Posted by: David Tomlin at November 27, 2006 06:39 AM | Permalink to this comment Permalink


Iraq the Model says 'The government stinks—that’s the overwhelming impression that is undermining the public's support for the government and its institutions.'

http://iraqthemodel.blogspot.com/

Posted by: David Tomlin at November 27, 2006 08:29 AM | Permalink to this comment Permalink

Ah ! Congrats, Greg - you've topped the "reductio ad Hitlerum" - I eagerly await the "reductio ad Mao-um" and the "reductio ad Pol-Pot-um" (Bush emptied New Orleans like the Khmer Rouge did Cambodia's cities, maybe ?). I also can't wait to see a "reductio ad Idi Amin-um"... has anyone in the administration copped to a delight in the gamey flavor of a fresh-caught liberal yet ?

Posted by: yomama at November 27, 2006 04:04 PM | Permalink to this comment Permalink

. . . has anyone in the administration copped to a delight in the gamey flavor of a fresh-caught liberal yet ?

Why would they have a gamey flavor if they were freshly caught?

Posted by: David Tomlin at November 27, 2006 05:05 PM | Permalink to this comment Permalink


My favorite anti-Bush slogan:

Bush isn't Hitler, but not for lack of trying.

Posted by: David Tomlin at November 27, 2006 05:07 PM | Permalink to this comment Permalink

Is Edward Djerejian any relation to Gregory? I am curious since I saw the Edward is the director of the James A. Baker III Institute for Public Policy at Rice.

Posted by: sferris at November 27, 2006 05:43 PM | Permalink to this comment Permalink

Why would they have a gamey flavor if they were freshly caught?

especially since liberals never actual walk or run anywhere...they travel in limosines.

that being said, I hear that Young Republicans "taste like chicken(hawk)"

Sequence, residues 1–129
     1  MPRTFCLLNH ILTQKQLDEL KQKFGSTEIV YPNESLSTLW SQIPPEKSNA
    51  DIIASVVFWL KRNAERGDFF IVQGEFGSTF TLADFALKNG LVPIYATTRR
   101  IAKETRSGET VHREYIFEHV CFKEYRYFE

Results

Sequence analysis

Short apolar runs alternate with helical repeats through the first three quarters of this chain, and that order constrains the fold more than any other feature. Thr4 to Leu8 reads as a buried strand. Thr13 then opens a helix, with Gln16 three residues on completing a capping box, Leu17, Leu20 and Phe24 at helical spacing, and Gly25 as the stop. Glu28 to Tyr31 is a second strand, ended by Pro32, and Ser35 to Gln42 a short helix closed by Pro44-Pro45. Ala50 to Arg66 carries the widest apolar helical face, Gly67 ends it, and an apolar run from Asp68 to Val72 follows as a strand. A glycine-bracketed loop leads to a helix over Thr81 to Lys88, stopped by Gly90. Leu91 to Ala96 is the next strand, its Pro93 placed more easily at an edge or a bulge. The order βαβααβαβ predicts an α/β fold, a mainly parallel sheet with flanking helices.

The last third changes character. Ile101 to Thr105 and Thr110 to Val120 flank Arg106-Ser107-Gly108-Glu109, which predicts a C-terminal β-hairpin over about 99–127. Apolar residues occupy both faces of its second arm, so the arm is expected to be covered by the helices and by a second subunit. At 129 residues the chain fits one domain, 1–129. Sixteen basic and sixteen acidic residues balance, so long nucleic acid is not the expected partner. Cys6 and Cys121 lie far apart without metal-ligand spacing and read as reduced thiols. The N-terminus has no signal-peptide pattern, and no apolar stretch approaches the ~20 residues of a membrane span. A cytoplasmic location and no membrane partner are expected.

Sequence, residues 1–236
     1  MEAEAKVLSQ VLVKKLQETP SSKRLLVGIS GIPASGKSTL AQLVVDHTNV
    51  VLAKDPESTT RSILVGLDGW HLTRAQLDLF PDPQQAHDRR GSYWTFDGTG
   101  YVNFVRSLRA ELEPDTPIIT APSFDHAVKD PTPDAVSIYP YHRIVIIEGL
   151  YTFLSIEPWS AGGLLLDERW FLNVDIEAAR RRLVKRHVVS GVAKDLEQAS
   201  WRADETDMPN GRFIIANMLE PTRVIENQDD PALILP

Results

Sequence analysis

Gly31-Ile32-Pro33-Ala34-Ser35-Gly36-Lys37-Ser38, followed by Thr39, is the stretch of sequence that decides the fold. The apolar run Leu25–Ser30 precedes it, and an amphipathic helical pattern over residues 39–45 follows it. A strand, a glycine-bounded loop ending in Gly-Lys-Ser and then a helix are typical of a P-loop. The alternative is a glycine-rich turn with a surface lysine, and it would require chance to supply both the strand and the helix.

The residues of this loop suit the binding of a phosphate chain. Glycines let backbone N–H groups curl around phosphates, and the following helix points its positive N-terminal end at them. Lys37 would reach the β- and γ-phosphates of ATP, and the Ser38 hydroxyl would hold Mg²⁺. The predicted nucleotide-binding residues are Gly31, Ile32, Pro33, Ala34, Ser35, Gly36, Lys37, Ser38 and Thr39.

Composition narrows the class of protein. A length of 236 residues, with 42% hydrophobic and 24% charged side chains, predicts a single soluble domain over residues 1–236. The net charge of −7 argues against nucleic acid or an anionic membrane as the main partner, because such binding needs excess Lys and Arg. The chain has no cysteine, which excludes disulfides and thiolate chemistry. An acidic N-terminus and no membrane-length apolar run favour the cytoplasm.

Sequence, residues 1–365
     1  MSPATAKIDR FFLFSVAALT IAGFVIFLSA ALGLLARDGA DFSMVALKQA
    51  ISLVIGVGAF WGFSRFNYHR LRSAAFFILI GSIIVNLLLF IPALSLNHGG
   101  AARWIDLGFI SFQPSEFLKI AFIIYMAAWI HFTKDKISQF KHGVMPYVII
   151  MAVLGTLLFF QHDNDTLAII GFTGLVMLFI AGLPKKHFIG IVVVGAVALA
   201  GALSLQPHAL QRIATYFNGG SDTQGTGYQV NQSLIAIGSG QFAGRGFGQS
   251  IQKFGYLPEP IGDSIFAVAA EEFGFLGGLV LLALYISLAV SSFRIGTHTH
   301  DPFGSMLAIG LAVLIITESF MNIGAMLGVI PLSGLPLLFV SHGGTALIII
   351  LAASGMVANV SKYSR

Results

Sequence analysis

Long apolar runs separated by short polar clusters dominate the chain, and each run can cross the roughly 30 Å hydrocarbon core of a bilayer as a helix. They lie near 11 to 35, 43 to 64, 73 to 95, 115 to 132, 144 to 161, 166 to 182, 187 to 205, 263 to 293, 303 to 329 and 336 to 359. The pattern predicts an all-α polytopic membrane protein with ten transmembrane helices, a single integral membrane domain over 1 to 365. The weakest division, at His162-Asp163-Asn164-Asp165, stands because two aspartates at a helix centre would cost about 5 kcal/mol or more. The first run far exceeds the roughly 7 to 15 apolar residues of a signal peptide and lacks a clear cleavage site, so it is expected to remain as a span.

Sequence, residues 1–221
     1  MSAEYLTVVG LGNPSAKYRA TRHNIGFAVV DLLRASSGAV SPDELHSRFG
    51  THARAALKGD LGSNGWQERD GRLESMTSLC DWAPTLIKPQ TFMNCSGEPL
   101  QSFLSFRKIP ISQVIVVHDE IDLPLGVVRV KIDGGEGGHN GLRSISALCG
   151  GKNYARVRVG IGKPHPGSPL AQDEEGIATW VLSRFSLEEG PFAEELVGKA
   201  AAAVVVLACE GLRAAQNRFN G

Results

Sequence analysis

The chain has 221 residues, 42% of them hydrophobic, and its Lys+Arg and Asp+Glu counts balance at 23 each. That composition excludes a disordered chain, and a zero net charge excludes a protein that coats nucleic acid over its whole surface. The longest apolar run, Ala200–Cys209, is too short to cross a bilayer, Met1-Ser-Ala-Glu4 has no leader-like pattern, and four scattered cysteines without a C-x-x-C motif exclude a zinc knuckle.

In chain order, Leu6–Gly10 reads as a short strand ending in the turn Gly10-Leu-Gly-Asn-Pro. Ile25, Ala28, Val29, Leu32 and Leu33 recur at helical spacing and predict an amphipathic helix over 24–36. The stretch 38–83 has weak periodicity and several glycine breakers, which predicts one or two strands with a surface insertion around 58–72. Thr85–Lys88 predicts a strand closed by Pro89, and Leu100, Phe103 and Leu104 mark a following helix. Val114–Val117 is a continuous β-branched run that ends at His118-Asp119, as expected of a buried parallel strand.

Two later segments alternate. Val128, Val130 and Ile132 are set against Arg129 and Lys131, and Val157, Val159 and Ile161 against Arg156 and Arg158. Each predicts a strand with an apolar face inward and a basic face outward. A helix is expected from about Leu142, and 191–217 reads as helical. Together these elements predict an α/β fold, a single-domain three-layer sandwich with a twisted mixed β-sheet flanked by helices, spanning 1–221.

Posted by: p.lukasiak at November 27, 2006 08:18 PM | Permalink to this comment Permalink

American pressure alone didn't lead to Maliki being named Prime Minister; there was broad opposition outside of the Shiite coalition to Maliki's predecessor Jafari being named PM in the post-constitution government. But focussing on the parliamentary maneuvers misses the broader point: Iraqis elected all of these parties and leaders (including folks like Sadr), and they bear plenty of responsibility for the current state of Iraq.

Nevertheless, perhaps some of us who were (or still are) optimistic about the possibility of Iraq becoming a democracy were not objective or cynical enough about the history and capabilities of the Iraqi people. That argument (made by Steve Sailer here), sounds compelling in hindsight, but then many countries previously considered unlikely to become democracies have since done so (e.g., El Salvador, South Korea).

Posted by: David P. at November 28, 2006 12:39 AM | Permalink to this comment Permalink

American pressure alone didn't lead to Maliki being named Prime Minister . . .

What an asinine strawman. I didn't say 'alone'. Of course American pressure, as opposed to outright invervention, couldn't have put Maliki in power if he didn't have internal support as well. I didn't think I had to spell that out. I thought I could rely on some intelligence on the readers' part, and the benefit of the doubt that I'm not stupid either.


Posted by: David Tomlin at November 28, 2006 06:46 AM | Permalink to this comment Permalink

Oh Wait! I wasn't supposed to laugh at that was I? I suppose it depends on what they mean by accomplishments.

Posted by: ET at November 28, 2006 08:27 PM | Permalink to this comment Permalink

"In practice – especially since the latest conflict in Lebanon – US strategy relies entirely on the ability of pro-American authoritarian regimes in Egypt, Jordan and Saudi Arabia to control the anger of their populations at US and Israeli policies. "

The only remaining exception (the remaining legacy of the neocon revolution) is the continued support for a Shi'a-dominated government in Baghdad. It's perversely anachronistic -- a mammal amidst the dinosaurs in Jim Baker's Jurassic Park. How much longer can it survive?

Posted by: PeterP at December 5, 2006 10:29 PM | Permalink to this comment Permalink

About Belgravia Dispatch

Gregory Djerejian comments intermittently on global politics, finance & diplomacy at this site. The views expressed herein are solely his own and do not represent those of any organization.